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The HeliOS Project is now.....
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Friday, October 17, 2008

Leave It To The Little Guys...


I had the pleasure of meeting many of the "giants" of Linux not too long ago. I dined and absorbed potables with people who have shaped and changed the Linux Experience for over a decade. It took a full day in that environment to get over being star-struck.

The Second Annual Linux Foundation Collaboration Summit.....those were the giants of Linux I met...many of them anyway.

And the "Little Guy?"

When I speak of "Little guys", I'm talking about the people that go out every day to make a living AND a difference in what we do.

The two are not mutually exclusive...some would have you believe they are.

I'm talking about people who are not corporate giants...like the ones who dotted the panels during the summit. The giants I measure the rest of us against are IBM, HP, Dell...the movers and shakers in corporate Linux. The 1000 dollar suits many of us stand in awe of and strive to match in stature and wealth.

The Little Guy I speak of are those of us who are not those people. And yes, I am struggling to keep from a single reference of David and Goliath here...wish me luck.

One of the Panel Suits told me as I stood in front of 400 people, that they don't take an interest in advertising Linux because...

We offer solutions, not systems.

Now, to those of you who operate under the assumption that Corporate Linux has any viable interest in the Linux Desktop, I am about to cause you great amounts of disappointment and angst. You in particular need to pay attention to what is said from this point and absorb it to the best of your ability. Your life may need to take a new direction if yours hinges on the Linux Corporate working with the Linux Community At Large. Again...


We offer solutions, not systems.

The person who told me that was Dan Frye, VP in charge of the Linux Technology Center for IBM.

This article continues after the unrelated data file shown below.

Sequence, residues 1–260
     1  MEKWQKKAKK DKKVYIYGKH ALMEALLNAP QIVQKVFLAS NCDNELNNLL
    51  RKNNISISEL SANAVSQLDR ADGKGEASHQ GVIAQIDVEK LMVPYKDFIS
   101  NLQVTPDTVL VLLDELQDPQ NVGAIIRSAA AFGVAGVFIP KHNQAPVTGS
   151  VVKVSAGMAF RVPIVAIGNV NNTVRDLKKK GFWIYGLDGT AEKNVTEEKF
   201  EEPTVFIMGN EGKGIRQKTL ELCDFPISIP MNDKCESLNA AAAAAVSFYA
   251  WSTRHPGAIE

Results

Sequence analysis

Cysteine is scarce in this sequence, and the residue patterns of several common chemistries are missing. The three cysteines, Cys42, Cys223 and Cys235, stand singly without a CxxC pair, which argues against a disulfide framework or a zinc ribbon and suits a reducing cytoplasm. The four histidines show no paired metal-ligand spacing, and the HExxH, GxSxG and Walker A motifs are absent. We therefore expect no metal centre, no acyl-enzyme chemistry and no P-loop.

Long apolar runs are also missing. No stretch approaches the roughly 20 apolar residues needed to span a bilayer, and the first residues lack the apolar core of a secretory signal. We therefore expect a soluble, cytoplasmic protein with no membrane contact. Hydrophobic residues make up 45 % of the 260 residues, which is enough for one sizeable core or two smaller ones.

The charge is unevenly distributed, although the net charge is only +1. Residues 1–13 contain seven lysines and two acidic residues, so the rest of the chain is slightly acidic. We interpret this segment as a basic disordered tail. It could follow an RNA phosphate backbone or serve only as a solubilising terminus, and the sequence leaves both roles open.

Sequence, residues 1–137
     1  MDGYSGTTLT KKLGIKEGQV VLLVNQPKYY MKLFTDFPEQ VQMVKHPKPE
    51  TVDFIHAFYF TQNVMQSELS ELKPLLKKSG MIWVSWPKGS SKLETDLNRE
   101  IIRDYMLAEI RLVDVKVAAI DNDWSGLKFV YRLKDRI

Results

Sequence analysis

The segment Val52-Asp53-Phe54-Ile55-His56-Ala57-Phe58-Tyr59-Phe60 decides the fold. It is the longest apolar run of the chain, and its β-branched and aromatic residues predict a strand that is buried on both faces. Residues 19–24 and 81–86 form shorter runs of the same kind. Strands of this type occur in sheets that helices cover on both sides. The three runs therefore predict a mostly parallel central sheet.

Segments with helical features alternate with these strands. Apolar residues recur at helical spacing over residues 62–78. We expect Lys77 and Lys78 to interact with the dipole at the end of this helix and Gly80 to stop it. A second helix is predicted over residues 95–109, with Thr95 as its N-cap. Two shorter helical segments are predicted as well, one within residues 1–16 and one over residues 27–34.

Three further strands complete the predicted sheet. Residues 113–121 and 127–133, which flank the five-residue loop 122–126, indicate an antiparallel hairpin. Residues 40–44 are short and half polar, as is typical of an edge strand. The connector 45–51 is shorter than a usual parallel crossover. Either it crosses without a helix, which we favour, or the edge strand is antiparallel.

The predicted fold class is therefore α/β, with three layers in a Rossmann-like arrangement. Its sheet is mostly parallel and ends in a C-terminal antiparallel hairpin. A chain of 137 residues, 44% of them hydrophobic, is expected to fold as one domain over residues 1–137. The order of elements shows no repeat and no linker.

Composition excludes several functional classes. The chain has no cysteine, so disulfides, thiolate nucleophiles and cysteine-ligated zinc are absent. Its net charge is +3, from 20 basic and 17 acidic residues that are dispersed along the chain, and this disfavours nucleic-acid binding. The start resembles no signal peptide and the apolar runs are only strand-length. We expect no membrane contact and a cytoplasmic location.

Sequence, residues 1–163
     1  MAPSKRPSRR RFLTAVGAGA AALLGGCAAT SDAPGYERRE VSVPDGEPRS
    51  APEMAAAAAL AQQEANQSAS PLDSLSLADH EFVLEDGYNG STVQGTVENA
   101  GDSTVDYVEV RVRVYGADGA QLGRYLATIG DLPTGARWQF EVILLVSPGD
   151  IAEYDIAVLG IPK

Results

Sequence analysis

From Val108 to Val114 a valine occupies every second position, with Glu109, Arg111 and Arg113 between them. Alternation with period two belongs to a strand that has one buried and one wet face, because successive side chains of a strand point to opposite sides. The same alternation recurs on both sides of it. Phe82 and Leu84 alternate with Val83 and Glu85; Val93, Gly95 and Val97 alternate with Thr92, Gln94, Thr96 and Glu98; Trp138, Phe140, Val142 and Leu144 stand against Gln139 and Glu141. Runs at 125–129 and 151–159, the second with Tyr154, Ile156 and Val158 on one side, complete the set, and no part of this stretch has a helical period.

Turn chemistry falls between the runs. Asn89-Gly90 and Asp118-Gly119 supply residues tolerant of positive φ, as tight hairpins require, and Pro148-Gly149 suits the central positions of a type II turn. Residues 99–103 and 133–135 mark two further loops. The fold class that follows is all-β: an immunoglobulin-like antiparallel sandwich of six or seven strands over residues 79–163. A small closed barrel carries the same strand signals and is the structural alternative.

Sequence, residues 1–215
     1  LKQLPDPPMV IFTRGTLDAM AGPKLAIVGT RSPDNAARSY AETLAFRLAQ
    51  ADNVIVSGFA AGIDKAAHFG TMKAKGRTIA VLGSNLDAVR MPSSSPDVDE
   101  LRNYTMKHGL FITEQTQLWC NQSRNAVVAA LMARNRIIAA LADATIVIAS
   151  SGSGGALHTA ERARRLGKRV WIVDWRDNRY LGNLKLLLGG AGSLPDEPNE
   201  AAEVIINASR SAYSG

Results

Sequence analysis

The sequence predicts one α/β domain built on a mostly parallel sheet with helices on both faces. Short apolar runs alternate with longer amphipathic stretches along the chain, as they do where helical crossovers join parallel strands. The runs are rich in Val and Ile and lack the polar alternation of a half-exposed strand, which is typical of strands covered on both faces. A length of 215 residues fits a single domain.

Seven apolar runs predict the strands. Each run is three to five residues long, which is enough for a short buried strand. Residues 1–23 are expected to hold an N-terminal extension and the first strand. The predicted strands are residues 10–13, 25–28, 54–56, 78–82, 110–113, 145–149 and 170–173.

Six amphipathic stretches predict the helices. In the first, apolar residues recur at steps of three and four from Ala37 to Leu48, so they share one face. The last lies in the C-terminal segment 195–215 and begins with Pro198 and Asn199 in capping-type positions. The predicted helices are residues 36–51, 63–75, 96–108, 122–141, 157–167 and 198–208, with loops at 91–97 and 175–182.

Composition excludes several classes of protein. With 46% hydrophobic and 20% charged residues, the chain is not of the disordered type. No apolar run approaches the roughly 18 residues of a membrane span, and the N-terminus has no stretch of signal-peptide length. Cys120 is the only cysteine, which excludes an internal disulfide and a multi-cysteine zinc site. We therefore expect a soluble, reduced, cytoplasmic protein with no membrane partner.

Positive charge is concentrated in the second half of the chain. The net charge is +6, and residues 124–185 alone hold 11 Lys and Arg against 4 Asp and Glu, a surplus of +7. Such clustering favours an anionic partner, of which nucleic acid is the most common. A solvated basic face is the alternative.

OK...solutions, not systems...right?

And what is your relationship with Levono? You know, the computer manufacturer that was part of IBM then wasn't then partnered with them...and then broke away? You may be "legally" separated from them but not by much. Yeah maybe IBM does "offer systems, not solutions".

But you are sleeping with someone who whores for Microsoft like she has no choice.





If it makes you feel any better, I can post graphics for about every major computer manufacturer in the market and show the same thing. I simply don't because they had sense enough not to make such egregious statements.

You sat in that chair and told me in front of 400 people that IBM wasn't particularly interested in Linux as a "product"...Linux is only a "component".

Well that "component" has lined your pockets in gold. You've benefited from the work of thousands of developers over a decade on order for you to use that "component". More importantly, The Linux Desktop stands as a digital salvation for those who don't know they have a viable choice in the way they operate their computers. Somehow I get the impression that those people don't rate your attention or concern.

They don't buy Big Iron. And that's what it all boils down to for you isn't it? Big iron.

So yeah, ok...I get it. You make money with Linux, you expand your product line with Linux and sure, you even pay for some development of Linux...thanks.

Now tell me who ultimately benefits from you doing so....developing this "component".

So in reality you aren't "giving" us anything. It's actually a gift of of convenience. And yeah, I understand business...but there comes a time in every prosperous enterprise that you acknowledge those that helped you get there. I don't think it's in you to do so.

You can't advertise Linux because Microsoft has threatened you with exorbitant licensing fees and other sanctions if you do. That would be my guess. In fact, If I were to guess further, I would hazard a guess that those top-secret vendor agreements Microsoft demanded you sign actually states that you cannot actively advertise or promote Linux. I could be wrong...but if I am I'm not far off.

And if I have my way, there will come a day I will lay hands on one of those vendor agreements. On that day or shortly after, we're all going to meet right here and have a good long look at it...then we'll know. Again, I could be way wrong.

But in this case, I'd rather be wrong than gullible.